So, yes, sometimes being in Australia feels like we have entered some sort of alternate universe. Back in Atlanta, our house is currently being advertised as a rental or a buy, but we still haven't had a bite. There are nights when I have a dream of a riotous crowd gathered outside our home back there, which has divided itself into two groups--one that wants to buy it and one that wants to rent it. Then, just before the auction starts, a twentysomething male with spiky hair and wearing an ugly tie drives up in an agency car and screams, "sorry, but that property is already sold." But then I wake up...

7 comments:

The other Mac guy said...

While it's true that you can make a good profit (the value of the house we recently sold increased by a factor of 2.5 over five years, not counting all of the money and time we spent fixing it up), unless you plan on living in a cardboard box, you'll have to spend that profit purchasing your next house. As an example, the cost of our new place was over three times what we paid for our first house only five years ago.

Dobbs said...

The housing market in Melbourne isn't too bad because the city just keeps expanding but there has been a lot of talk in the papers recently about stopping the growth because of fears of urban sprawl.

I can only imagine what that would do to home prices down here though. It would probably bring housing prices up towards Sydney levels eventually.

Americans living in Australia said...

Technically that tax deduction could apply to your first home as well, as long as you're not living in it. It must be an 'investment property', not owner-occupied.

Yeah, home ownership is a hugely sore subject right across Australia. The 13th interest rate rise has caused a huge number of people to sell off, putting even more strain on the rental market... which, btw, is already going into auctions in many areas. We have lived in our current place for 2 years now and really need an extra bedroom, but are not so keen on fighting the crowds and paying an enormous markup. *sigh*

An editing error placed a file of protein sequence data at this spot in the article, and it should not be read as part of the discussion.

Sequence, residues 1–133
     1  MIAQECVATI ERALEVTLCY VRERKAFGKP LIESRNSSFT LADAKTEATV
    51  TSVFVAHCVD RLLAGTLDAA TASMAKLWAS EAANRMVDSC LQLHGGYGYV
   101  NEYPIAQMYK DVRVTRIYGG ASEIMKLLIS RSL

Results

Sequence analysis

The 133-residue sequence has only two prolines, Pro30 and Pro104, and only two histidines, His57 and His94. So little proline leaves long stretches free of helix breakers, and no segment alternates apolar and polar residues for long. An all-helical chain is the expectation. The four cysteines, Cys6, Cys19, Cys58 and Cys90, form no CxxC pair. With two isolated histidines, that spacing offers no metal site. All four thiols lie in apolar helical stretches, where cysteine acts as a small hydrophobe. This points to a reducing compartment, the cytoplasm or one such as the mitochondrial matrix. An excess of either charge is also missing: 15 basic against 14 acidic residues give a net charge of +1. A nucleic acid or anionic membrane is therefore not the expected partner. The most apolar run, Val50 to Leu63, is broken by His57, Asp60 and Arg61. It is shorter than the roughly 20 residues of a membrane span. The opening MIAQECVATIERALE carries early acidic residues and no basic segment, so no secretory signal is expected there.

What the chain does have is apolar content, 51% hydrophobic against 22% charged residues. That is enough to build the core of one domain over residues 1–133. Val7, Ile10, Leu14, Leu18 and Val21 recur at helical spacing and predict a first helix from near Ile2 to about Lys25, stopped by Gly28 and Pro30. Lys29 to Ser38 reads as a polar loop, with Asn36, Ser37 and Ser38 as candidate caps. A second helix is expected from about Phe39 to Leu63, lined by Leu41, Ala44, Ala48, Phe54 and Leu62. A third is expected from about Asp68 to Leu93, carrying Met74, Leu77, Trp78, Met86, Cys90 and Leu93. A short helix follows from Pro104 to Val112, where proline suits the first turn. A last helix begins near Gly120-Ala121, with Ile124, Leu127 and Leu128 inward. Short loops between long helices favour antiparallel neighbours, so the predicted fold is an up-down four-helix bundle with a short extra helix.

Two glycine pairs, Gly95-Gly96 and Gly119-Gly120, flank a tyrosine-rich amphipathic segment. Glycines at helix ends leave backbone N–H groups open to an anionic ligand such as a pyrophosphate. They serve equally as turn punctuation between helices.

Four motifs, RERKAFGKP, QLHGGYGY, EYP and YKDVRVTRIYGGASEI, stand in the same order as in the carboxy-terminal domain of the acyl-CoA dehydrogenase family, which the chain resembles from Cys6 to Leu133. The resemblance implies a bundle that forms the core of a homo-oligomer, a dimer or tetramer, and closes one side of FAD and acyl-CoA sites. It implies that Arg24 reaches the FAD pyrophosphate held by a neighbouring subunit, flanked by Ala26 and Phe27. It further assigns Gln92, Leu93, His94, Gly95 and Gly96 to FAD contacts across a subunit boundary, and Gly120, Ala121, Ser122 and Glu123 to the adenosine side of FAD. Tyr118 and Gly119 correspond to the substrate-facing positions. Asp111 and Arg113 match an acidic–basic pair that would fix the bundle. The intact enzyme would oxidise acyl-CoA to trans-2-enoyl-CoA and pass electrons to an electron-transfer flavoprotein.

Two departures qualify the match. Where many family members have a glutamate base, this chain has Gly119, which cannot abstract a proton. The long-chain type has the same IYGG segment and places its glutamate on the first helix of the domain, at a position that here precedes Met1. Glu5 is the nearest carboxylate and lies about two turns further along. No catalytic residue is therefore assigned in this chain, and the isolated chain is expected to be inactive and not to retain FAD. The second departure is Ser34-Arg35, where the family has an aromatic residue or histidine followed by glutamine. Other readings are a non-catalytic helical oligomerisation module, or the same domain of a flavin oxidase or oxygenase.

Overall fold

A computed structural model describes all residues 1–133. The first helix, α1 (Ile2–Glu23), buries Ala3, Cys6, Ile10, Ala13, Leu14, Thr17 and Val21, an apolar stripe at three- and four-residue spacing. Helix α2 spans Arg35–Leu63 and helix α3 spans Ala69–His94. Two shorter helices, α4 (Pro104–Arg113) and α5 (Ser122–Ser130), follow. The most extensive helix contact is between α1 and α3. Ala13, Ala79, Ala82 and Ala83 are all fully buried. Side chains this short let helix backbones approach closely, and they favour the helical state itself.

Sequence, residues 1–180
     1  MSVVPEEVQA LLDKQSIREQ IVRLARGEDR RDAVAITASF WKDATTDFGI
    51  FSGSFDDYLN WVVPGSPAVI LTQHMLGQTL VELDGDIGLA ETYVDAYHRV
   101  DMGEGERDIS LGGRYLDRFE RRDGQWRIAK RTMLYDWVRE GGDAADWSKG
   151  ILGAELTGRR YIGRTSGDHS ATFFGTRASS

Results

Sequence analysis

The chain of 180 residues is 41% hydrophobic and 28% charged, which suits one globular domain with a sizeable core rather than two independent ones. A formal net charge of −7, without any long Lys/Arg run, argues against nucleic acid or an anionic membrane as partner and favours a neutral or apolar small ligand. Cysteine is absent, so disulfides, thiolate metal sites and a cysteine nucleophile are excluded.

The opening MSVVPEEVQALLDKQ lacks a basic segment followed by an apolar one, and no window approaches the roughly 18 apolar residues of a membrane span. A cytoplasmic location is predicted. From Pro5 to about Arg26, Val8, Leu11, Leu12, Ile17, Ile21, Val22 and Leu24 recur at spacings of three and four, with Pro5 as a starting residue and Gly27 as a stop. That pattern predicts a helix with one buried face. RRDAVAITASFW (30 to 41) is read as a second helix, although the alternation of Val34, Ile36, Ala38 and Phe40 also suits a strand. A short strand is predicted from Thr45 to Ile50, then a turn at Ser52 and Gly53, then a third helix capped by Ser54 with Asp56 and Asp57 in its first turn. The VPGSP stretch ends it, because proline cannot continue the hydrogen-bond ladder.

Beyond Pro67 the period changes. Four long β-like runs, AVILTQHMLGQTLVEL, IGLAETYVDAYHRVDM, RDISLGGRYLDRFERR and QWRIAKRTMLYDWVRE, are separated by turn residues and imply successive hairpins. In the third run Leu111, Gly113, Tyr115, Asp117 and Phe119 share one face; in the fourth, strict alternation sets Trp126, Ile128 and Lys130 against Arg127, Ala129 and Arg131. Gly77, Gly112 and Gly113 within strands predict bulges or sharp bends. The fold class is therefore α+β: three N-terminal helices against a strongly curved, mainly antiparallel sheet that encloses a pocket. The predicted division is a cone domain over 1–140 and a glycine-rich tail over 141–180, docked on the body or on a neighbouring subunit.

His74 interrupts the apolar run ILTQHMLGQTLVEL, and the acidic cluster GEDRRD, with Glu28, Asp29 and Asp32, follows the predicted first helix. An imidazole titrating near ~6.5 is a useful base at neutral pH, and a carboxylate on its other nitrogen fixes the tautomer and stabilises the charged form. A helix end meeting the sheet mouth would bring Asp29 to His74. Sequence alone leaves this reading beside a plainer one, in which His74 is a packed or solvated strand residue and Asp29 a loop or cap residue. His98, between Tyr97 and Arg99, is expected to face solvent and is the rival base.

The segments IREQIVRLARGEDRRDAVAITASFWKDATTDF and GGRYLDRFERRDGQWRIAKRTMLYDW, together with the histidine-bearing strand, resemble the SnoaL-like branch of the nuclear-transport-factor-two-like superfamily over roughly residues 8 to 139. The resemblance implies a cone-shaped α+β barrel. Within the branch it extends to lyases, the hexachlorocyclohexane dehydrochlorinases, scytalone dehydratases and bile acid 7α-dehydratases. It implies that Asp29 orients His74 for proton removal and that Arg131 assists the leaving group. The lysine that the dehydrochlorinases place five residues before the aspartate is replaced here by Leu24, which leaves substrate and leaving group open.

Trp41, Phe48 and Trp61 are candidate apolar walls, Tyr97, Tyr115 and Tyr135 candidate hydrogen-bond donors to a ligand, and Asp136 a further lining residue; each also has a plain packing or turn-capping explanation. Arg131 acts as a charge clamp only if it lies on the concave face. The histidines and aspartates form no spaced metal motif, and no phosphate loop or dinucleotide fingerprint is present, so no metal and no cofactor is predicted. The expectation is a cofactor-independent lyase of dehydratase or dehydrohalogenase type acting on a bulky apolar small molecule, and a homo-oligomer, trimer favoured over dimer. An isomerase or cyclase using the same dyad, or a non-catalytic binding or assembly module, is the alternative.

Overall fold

The Prof said...

Other mac guy, you were still able to move the equity of the sold house into the higher-priced house, so you don't lose out (unless the market were to crash at a time when you want to sell again).

Dobbs, as a former resident of mega-sprawl Atlanta, I sure hope that Melbourne doesn't go the same way.

And, Americans living in Australia, it's still strange to me that there's a tax incentive to invest in rental properties (why, why, why?!), but there isn't one to buy a home that you can live in. Doesn't the present system just encourage wealthy investors to turn otherwise decent homes that could be bought into rental properties, thereby reducing the available stock for buyers and raising the prices of rentals? Oh my!

Americans living in Australia said...

Doesn't the present system just encourage wealthy investors to turn otherwise decent homes that could be bought into rental properties, thereby reducing the available stock for buyers and raising the prices of rentals? Oh my!

Exactly! You've hit the nail on the head right there.

Tracy said...

Do you get to claim the intrest on your primary residence in the US?

Here in Canada you can only claim the intrest of investment properties as well...

Tracy said...

ACK...interest! I really should know how to spell that particular word!